4. THE LOBSTER
Yorgos Lanthimos (Greek filmmaker) increased his impressive star power with The Lobster. His first English-language feature is a fascinating anti-romantic dark comedy about a future hotel’s controversial purpose in a world occupied by emotionally-hollow human beings. Colin Ferrell and Rachel Weisz head a remarkable cast of tragicomic lost souls.
3. CERTAIN WOMEN
Laura Dern, Michelle Williams, and Lily Gladstone (opposite Kristen Stewart) star in Kelly Reichardt’s melancholic collection of three stories about women in Montana. Small, quiet, and poignantly human, the film’s themes of loneliness, lust, and the struggle of choice, underscore a transfixing piece of minimalism.
The historic thread has always been claimed: the modern mass incarceration and unpunished police brutality of Blacks and Latinos, is the equivalent of contemporary slavery. In 13th, Ava Duvernay presents the definitive essay to prove that claim. Her master work is the most important American documentary since Citizen Four.
“Evocative” is not enough of a sell for the freshly bitter, shared opus from director, Paul Verhoeven and star, Isabelle Huppert. Art is at its most empowered in a film which boldly refuses to polish the brutal subject of sexual assault. “Michele” is no rape victim. Playing 2016’s most complex and enamoring character, Isabelle Huppert crafts a performance dynamically flawed, vulnerable, calculating, mean, sexy, funny, powerfully wise, and poetic. Verhoeven is no less perfect in telling her story.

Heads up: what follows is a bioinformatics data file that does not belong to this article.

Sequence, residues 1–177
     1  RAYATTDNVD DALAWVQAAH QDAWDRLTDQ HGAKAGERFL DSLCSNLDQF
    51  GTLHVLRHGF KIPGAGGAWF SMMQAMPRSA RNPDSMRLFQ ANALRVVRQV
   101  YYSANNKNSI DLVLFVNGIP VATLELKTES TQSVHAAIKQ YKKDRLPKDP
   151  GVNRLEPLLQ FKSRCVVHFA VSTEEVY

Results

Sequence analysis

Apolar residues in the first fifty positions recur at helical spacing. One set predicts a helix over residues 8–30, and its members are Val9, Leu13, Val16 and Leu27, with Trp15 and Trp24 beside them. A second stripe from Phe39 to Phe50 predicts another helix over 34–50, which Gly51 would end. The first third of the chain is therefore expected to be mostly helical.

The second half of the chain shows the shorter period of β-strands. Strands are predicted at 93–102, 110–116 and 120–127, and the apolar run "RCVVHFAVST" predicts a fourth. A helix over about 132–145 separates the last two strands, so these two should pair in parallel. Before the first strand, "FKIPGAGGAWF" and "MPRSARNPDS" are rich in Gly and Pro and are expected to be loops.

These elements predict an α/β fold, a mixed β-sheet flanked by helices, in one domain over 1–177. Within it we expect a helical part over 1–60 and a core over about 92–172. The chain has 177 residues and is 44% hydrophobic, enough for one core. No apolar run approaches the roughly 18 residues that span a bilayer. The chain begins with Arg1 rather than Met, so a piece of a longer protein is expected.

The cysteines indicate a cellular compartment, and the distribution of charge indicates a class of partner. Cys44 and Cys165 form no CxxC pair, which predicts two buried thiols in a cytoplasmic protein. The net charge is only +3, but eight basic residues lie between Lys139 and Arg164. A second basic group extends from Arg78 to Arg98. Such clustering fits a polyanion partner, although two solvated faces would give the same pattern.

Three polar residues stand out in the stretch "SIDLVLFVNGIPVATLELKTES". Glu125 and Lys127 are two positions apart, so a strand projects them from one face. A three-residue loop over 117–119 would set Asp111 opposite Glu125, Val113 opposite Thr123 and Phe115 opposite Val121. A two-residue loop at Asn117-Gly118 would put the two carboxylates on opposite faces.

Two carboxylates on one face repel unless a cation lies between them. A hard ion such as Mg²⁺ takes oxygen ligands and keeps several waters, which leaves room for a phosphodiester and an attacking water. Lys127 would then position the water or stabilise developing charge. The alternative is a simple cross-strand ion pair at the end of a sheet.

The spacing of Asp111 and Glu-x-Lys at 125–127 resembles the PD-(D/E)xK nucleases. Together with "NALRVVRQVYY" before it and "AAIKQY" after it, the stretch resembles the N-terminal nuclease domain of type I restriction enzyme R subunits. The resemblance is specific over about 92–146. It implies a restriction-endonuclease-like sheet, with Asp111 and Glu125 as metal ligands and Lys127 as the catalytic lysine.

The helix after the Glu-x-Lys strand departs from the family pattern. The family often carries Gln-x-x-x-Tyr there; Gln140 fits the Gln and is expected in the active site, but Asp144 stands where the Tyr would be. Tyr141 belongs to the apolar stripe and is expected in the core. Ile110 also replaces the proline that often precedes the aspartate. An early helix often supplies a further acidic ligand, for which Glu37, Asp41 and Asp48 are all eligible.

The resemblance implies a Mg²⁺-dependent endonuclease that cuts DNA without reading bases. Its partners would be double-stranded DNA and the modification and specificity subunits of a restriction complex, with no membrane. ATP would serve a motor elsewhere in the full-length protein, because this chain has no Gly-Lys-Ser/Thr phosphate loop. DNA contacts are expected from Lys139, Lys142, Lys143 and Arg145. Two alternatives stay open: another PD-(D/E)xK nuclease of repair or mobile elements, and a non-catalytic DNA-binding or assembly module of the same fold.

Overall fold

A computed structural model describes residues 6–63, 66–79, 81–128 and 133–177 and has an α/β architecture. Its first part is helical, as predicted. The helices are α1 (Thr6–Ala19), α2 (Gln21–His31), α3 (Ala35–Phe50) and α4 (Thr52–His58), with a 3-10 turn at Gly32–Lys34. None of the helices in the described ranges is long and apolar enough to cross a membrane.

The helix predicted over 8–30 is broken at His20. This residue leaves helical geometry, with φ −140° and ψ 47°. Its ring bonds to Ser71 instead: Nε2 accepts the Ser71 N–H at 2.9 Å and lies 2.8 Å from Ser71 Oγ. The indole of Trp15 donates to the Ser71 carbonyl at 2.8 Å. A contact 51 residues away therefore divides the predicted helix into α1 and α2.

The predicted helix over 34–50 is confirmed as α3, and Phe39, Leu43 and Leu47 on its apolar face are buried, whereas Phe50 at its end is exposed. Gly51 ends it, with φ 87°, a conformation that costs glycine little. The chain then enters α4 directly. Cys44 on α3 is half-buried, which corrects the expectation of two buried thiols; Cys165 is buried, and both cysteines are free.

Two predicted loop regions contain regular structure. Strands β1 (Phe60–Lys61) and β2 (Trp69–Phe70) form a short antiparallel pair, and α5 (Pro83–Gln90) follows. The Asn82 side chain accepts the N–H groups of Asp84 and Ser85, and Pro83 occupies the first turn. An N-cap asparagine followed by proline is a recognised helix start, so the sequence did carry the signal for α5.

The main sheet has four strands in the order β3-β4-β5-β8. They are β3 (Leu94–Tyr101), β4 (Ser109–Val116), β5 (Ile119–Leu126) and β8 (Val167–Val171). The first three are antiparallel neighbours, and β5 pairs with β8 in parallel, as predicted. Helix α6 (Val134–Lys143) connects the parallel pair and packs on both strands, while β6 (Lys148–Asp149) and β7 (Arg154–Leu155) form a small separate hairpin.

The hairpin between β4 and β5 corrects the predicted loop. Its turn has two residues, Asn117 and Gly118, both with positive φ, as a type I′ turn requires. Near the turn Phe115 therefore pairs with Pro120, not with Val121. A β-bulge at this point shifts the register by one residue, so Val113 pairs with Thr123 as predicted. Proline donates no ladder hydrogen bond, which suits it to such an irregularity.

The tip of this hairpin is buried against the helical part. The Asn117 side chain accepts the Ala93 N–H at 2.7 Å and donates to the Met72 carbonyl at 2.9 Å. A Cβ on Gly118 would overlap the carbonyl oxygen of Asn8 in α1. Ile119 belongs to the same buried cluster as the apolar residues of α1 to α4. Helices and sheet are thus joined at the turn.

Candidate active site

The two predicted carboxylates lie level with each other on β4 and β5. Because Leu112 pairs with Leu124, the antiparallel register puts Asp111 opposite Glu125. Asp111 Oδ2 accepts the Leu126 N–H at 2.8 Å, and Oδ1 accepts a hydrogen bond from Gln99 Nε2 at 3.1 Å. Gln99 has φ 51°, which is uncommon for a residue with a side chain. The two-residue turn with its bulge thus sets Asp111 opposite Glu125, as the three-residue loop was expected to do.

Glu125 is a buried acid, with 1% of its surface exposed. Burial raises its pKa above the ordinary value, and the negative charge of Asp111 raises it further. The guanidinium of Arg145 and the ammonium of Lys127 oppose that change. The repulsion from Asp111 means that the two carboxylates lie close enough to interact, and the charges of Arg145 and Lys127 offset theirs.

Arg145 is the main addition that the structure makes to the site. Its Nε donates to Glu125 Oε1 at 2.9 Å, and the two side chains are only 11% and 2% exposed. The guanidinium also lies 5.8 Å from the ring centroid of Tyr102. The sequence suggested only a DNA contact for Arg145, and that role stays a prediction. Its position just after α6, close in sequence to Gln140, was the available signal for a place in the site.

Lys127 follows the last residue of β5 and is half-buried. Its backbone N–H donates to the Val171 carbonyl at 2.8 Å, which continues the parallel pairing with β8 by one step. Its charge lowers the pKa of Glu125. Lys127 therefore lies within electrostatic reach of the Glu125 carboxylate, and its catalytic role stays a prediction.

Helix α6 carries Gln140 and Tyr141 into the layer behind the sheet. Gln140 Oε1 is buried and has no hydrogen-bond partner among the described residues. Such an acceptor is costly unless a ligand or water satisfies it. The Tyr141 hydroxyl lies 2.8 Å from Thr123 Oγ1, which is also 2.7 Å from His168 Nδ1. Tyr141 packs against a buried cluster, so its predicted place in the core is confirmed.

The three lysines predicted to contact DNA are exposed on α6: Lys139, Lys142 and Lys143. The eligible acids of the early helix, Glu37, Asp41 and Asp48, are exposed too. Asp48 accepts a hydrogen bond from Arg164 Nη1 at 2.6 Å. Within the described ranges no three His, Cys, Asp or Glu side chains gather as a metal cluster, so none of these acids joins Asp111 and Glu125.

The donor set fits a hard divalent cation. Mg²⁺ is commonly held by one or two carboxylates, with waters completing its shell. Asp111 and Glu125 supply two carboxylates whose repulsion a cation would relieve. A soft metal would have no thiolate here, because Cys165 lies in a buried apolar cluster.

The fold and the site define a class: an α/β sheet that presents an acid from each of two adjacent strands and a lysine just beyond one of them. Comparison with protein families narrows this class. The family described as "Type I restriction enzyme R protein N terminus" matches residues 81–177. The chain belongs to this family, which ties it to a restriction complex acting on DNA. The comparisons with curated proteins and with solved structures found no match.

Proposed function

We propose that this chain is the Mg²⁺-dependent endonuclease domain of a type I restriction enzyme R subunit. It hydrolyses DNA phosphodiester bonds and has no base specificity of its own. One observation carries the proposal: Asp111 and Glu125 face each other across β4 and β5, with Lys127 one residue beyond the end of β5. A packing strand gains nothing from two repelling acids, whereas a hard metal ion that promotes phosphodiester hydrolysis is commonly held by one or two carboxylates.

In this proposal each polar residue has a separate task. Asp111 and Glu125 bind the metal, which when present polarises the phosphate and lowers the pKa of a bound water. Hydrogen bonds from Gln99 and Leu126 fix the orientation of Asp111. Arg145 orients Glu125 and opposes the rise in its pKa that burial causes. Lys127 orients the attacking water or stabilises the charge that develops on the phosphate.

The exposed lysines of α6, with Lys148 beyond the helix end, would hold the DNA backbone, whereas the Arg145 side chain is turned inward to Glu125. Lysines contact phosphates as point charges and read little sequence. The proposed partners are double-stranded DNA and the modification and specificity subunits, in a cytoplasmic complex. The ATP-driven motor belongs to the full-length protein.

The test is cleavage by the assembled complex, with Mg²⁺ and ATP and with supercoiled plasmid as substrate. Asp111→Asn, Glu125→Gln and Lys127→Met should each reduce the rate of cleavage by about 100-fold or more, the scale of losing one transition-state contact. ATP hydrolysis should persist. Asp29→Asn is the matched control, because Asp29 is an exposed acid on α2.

Sonia Braga is a powerhouse in this progressive, Brazilian drama about a semi-retired, Sao Paolo music journalist’s daunting fight against cunning, condo-based renovation.
MANCHESTER BY THE SEA
Not the best, but surely the defining, film about grief this year. With the exception of some out-of-place parts, Kenneth Lonergan explores the idea of “life goes on” to exceptional resonance. Casey Affleck will leave big footprints on 2017’s red carpets in his deft realization of Lonergan’s study of one blue collar New Englander’s astonishing quest to make sense, if there is any to make, of human tragedy.
The work of landmark American novelist, Phillip Roth, finally became movie material in 2016; twice. The first release from writer/director, James Schamus, finds Logan Lerman in a seething atmospheric, preparatory drama about young ideology in mid-century America.
HELL OR HIGH WATER
David McKenzie writes/directs this skillful neo-western with the blood of brothers and the force of wisdom.
Steven McKinley Henderson, Jovan Adepo, Russell Hornsby, and Mykkelti Williamson round out the outstanding ensemble behind the first film adapted from an August Wilson play, and headed by two profound performances from Viola Davis and star/director/August Wilson expert, Denzel Washington.
7 More Favorites:
THE NICE GUYS
THE CONJURING 2
LA LA LAND
January 3, 2017